Dead man's silhouette
Dead man’s silhouette painted the colours of the Italian flag placed at the entrance of a refugee centreHandout

Far-right activists have staged a xenophobic protest in northern Italy by placing silhouettes of dead men painted the colours of the Italian flag and death notices at the entrance of 10 Catholic-run refugee centres and ruling Democratic Party (PD) branches.

Veneto Fronte Skinheads claimed responsibility for the anti-refugee stunt, which was aimed at those who "favour the planned invasion of hordes of extra-communal migrants", and was carried out in Como, Brescia, Crema, Lodi, Reggio Emilia-Guastalla, Piacenza-Bobbio, Trento, Mestre, Vicenza e Treviso.

The group also targeted a tabled parliamentary proposal to introduce the Ius Soli - the right of anyone born in Italy to Italian citizenship - calling it "a weapon of mass destruction".

"We wanted to hit those who continue to carry out a political plan aimed at annihilating Italian identity," the group said in its website.

Graziano Delrio, former mayor of Reggio Emilia and current minister for infrastructures in the Matteo Renzi government, compared the act to fascist squads on Twitter:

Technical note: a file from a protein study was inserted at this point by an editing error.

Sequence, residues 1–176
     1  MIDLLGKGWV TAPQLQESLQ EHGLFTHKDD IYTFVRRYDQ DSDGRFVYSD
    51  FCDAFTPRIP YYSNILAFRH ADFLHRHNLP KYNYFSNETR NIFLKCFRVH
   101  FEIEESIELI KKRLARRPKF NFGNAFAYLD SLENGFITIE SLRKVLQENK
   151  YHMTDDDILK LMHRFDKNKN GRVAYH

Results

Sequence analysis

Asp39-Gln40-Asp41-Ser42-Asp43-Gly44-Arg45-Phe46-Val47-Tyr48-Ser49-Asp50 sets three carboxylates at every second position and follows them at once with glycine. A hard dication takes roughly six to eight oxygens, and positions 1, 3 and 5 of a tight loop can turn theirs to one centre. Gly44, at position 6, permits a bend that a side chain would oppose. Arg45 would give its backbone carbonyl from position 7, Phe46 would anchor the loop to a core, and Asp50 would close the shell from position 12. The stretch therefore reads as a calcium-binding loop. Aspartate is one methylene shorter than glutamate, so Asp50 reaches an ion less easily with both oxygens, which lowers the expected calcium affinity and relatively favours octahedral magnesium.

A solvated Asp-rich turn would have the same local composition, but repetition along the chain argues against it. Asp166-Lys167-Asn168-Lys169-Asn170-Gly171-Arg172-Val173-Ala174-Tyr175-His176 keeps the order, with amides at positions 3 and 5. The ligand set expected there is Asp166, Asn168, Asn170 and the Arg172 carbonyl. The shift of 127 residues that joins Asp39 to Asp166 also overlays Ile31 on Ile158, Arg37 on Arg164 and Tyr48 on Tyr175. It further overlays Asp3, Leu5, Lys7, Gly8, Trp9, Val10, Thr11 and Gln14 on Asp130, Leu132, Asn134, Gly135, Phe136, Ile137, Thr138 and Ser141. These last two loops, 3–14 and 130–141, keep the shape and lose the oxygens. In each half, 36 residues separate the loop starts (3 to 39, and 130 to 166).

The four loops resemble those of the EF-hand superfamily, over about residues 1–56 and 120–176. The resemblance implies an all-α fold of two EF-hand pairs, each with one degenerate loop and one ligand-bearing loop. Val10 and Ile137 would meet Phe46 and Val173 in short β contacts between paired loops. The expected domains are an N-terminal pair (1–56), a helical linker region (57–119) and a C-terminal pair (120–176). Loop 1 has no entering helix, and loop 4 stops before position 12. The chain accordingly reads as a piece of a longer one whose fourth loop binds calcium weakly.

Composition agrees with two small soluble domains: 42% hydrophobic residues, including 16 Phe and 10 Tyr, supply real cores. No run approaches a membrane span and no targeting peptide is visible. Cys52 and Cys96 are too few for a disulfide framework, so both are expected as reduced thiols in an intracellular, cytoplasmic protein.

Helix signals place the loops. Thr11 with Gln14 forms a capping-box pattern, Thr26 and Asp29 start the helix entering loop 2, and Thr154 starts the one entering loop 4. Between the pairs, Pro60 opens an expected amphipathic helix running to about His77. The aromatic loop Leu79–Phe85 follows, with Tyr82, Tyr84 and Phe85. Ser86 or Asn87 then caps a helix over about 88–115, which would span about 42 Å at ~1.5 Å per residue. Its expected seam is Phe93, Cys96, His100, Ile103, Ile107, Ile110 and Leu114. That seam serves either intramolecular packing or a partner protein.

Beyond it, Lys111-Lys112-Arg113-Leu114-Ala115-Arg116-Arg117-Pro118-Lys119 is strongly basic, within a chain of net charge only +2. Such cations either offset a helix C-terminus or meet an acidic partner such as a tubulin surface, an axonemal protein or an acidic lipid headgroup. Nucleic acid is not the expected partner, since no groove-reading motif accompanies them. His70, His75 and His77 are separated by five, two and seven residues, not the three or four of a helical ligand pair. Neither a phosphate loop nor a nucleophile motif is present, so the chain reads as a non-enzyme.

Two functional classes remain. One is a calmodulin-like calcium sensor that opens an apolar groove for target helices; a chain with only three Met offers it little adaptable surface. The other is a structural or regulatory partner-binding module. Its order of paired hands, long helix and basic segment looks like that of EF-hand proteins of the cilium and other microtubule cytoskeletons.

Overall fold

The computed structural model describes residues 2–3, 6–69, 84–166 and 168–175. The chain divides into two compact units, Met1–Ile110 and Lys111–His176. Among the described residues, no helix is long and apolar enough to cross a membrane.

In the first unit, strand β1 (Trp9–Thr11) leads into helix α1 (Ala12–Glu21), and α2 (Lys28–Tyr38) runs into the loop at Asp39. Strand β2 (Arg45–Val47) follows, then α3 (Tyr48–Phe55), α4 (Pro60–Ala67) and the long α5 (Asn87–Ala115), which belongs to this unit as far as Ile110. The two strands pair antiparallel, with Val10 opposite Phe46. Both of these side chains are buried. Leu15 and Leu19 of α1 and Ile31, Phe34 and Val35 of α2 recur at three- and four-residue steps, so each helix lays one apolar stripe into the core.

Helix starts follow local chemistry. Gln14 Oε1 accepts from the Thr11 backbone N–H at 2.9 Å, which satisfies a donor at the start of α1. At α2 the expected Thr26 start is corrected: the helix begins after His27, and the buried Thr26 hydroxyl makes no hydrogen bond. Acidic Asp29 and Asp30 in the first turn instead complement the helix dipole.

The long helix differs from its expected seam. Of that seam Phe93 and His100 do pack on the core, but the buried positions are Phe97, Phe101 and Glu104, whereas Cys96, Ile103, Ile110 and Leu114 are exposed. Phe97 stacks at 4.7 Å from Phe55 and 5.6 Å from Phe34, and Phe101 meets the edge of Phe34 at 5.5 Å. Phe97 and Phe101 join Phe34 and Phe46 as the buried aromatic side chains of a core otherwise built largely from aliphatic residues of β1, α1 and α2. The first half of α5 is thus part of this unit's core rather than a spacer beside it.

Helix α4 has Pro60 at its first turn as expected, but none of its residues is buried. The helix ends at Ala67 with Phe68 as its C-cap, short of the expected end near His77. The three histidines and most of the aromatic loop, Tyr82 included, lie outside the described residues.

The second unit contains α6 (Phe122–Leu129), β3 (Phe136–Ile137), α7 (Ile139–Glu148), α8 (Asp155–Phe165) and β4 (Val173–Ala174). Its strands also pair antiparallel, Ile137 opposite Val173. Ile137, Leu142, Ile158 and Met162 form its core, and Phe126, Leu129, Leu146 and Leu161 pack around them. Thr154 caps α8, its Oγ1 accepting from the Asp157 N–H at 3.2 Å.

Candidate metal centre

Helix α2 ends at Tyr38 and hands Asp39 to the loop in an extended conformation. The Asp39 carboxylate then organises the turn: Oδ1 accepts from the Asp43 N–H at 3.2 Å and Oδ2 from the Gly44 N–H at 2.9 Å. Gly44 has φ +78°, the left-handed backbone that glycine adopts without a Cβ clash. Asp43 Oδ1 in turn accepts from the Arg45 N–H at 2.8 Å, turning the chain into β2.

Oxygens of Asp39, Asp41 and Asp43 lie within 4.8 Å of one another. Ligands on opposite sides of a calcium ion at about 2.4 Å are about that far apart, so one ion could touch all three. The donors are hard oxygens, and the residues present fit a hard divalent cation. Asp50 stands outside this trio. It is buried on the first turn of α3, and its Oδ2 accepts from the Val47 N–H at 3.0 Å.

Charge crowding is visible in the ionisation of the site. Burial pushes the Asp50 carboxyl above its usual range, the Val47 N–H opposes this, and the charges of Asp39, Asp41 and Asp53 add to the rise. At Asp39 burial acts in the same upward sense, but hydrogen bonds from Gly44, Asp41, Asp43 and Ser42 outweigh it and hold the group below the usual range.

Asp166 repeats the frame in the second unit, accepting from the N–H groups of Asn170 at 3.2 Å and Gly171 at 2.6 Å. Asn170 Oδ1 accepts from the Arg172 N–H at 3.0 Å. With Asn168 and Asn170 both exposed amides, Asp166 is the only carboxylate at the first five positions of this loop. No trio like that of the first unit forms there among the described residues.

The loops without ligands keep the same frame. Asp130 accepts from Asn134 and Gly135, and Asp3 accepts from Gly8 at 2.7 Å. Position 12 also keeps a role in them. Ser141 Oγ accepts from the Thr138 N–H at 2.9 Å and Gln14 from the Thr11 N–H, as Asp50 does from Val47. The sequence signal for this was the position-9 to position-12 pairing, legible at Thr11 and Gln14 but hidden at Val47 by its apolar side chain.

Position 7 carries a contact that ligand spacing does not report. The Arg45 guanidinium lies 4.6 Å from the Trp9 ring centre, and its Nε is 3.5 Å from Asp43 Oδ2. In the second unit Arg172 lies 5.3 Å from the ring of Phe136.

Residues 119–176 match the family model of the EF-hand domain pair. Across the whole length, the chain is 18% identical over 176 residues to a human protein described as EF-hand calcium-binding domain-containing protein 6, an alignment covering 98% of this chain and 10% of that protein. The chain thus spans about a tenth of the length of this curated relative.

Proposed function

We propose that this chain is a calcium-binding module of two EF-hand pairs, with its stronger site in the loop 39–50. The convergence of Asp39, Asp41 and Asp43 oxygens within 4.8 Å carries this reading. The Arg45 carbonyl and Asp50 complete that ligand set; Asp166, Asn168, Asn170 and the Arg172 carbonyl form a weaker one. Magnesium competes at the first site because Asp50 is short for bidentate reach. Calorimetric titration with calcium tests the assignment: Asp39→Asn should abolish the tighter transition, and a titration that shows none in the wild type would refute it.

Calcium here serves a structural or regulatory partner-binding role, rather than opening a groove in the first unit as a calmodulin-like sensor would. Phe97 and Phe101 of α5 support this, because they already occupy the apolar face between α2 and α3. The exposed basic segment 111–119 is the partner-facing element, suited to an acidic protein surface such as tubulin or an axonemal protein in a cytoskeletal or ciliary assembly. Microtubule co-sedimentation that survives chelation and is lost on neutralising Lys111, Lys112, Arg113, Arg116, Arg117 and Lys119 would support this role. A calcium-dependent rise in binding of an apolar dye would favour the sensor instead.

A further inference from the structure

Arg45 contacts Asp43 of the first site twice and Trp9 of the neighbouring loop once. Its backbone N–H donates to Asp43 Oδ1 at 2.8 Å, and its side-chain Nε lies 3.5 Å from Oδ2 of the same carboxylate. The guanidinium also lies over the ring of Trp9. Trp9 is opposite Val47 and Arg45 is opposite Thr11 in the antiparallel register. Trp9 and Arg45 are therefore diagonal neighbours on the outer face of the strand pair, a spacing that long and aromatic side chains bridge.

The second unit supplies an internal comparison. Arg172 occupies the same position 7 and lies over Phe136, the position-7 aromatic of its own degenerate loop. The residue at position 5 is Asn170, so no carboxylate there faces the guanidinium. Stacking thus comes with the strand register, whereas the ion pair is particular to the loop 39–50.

More than 136,000 migrants and refugees have come to Europe through Italy by boat in 2015, making it a front-line state in the continent's biggest refugee crisis since the Second World War.

The country, which is struggling to cope with the influx of arrivals, has started to relocate some asylum seekers to other countries of the European Union as part of a plan to ease the burden of taking in 300,000 migrants in less than two years. Seventy Syrian and Eritrean refugees were sent to Sweden and Finland in October. Interior minister Angelino Alfano said the plan to relocate 40,000 people from Italy over two years was "absolutely doable".

Fears have grown over the possibility that Islamic State (Isis) members could disguise themselves as migrants to enter Europe and carry out terrorist attacks. Reports that the passport of a Syrian refugee was found near the body of a dead suicide bomber involved in the Paris attacks of 13 November have played in the hands of the far-right that seeks to limit or block the influx of migrants in the continent.

However, Renzi has proposed a new plan to fight extremism in the country. On 24 November he said he plans to spend $1bln (£663m) to fight terrorism with culture, art and architecture. The centre-left leader hopes to improve security by instilling a "cultural identity" among the new immigrants.

"What happened in Paris signalled a step-up in the cultural battle that we are living," Renzi said. "They imagine terror; we answer with culture. They destroy statues; we love art. They destroy books; we are the country of libraries."

He also plans to offer $500 to 18-year-olds to go to concerts, museums, and theatres.